Studio portrait of Sid Salter. (photo by Beth Wynn / © Mississippi State University)

By: Sid Salter

This weekend, I completed my 10-day Covid-19 Delta Variant quarantine period. My wife and I both were diagnosed with so-called “breakthrough cases” of the virus.

Our diagnoses came after traveling to Alaska for a family event. But there’s no way of knowing whether the exposure came on the Kenai Wilderness in rural Alaska, on board the seven-plus hour flight from Hartsfield-Jackson International Airport in Atlanta to Ted Stevens Airport in Anchorage, or shopping at the Walmart in Starkville the night before we departed.

The doctor called our diagnoses “breakthrough cases” – a Covid-19 diagnosis when a fully diagnosed person tests positive despite following all the vaccination protocols. The Centers for Disease Control and Prevention say such “breakthrough” infections are to be expected in that while the Covid-19 vaccines are highly effective in providing immunity, no vaccine is 100 percent effective.

We were both fully vaccinated with the Pfizer-BioNTech COVID-19 Vaccine – first and second shots. We wore the masks until the instructions came that the fully vaccinated could relax those requirements under certain conditions. We distanced. We hunkered down and limited contact with friends and family. Although not perfectly, we did our best to follow the pandemic rules.

Then when the Delta Variant emerged, we returned to the masks. But despite those precautions, we caught that strain of Covid-19.

For both of us, the good news was as advertised – we were sick at home for several days with high fever, severe congestion, some nausea, fatigue, and a few other symptoms including loss of taste and smell. Because of my medical history, my doctor recommended that I take the Regeneron monoclonal antibody therapy (MAT) infusion.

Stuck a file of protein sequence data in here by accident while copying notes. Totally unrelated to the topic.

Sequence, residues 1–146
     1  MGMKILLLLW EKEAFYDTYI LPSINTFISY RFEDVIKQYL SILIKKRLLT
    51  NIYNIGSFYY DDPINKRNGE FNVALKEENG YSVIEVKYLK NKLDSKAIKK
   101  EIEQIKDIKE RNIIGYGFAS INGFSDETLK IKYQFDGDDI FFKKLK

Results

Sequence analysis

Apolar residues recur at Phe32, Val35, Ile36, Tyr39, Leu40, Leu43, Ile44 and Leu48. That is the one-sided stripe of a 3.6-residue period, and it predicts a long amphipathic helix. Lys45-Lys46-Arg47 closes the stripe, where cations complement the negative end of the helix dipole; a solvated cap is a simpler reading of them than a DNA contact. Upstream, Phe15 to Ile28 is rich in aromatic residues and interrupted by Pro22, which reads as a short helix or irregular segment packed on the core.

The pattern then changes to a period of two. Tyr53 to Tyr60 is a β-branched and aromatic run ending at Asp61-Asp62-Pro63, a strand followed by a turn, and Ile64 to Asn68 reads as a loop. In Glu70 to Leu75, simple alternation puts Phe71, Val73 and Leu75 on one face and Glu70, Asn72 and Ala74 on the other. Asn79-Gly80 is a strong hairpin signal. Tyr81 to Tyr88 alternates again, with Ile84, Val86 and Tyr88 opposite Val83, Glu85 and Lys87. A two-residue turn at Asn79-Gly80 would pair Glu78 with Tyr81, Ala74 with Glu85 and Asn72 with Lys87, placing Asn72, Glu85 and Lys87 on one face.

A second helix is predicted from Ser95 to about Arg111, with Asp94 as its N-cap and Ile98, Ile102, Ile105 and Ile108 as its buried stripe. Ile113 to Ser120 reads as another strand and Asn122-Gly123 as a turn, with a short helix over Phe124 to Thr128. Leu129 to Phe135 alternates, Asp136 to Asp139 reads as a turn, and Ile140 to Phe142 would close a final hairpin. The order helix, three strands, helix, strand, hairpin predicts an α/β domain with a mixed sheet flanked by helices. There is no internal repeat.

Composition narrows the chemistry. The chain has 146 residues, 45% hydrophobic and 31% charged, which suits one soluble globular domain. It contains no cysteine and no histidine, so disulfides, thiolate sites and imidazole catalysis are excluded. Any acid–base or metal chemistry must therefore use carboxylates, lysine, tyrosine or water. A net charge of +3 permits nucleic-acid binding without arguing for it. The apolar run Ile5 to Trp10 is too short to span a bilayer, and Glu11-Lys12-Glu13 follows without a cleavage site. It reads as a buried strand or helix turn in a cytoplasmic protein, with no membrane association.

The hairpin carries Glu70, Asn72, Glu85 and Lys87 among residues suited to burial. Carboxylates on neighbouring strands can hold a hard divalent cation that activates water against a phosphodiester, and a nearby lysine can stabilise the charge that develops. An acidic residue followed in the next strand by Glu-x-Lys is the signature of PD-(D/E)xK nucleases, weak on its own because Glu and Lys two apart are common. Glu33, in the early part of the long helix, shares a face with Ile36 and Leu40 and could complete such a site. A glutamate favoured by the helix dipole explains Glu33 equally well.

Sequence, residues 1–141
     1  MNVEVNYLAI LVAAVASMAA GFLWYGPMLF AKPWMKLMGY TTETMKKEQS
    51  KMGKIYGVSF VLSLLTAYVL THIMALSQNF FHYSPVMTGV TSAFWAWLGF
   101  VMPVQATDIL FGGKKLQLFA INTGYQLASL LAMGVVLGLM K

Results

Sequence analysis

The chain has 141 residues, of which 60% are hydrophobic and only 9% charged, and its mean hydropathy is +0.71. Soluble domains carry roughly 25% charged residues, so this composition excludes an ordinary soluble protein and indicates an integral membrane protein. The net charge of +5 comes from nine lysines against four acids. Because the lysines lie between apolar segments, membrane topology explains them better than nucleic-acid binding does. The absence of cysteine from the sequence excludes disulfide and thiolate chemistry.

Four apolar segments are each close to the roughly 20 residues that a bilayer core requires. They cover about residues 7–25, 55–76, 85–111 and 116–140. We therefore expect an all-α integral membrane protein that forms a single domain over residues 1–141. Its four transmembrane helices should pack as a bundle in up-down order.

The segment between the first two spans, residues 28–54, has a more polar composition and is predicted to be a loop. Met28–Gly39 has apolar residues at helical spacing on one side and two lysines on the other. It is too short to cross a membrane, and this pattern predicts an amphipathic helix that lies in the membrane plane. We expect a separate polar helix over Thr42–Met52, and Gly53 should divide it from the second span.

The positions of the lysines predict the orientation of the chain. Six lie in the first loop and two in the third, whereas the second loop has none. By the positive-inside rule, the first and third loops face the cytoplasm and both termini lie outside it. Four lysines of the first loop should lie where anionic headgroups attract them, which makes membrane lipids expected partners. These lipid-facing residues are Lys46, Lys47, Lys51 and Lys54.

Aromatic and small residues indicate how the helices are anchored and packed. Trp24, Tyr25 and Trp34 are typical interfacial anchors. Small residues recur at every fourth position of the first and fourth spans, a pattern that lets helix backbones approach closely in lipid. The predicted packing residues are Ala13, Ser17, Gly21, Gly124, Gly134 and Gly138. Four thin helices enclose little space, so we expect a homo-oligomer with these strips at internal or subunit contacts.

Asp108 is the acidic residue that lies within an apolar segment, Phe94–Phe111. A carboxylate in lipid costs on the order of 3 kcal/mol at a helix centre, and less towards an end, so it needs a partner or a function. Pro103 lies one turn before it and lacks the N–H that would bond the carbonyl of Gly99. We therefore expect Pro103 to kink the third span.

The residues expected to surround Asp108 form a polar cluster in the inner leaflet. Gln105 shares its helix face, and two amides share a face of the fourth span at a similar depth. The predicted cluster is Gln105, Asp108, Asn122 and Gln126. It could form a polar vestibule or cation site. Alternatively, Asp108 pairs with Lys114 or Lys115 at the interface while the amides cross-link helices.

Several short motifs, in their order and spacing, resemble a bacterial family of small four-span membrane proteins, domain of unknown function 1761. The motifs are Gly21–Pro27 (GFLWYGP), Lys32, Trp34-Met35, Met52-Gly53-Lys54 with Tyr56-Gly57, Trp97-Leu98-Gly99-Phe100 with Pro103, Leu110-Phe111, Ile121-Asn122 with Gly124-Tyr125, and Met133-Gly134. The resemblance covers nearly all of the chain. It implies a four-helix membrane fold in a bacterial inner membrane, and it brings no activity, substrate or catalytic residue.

With underlying health conditions that included a compromised immune system, I did not entertain a Covid-19 diagnosis without concern. But we did not develop severe Covid-19 symptoms that required hospitalization and all things considered, we had light cases not unlike a bad case of the flu. I credit that outcome to being fully vaccinated in advance and taking the MAT infusion when my physician directed it.

We were two of the national average daily diagnosis count of 160,901 out of some 40 million total reported cases. In Mississippi, we were two of a daily average case count of 2,746 from the total state reported cases of 446,863. Unfortunately, those numbers will increase – as will the number of deaths from Covid.

There are some realities to be accepted about the Covid-19 pandemic. First and foremost, the pandemic has been permanently and irreparably politicized. While I appreciate that fact intellectually, try as I might it just does not make sense to me that as a nation, we have chosen to fight each other over this virus rather than fighting the insidious virus.

But at both the federal and state level, it’s a fact that as yet there isn’t sufficient political will among public elected officials to make national or state vaccine or mask mandates part of any meaningful solution. There are constitutional conflicts, separation of powers issues, and debate over religious exemptions that will bog down any attempt at implementing those strategies for years.

Those realities are exacerbated by another undeniable fact – the Delta Variant is one of several mutations that will continue to make battling the pandemic very much of a moving target. Unfortunately, the science indicates that our society will be battling this scourge for some time.

So, after surviving a Covid-19 diagnosis, here’s the advice of a liberal arts major with no claimed or implied expertise in epidemiology or public health management – get fully vaccinated as soon as possible, follow the protocols for masks, distancing, handwashing, and the rest until the experts lift those protocols.

Finally, follow the advice of qualified medical professionals you know and trust, not politicians, about your health and that of your loved ones.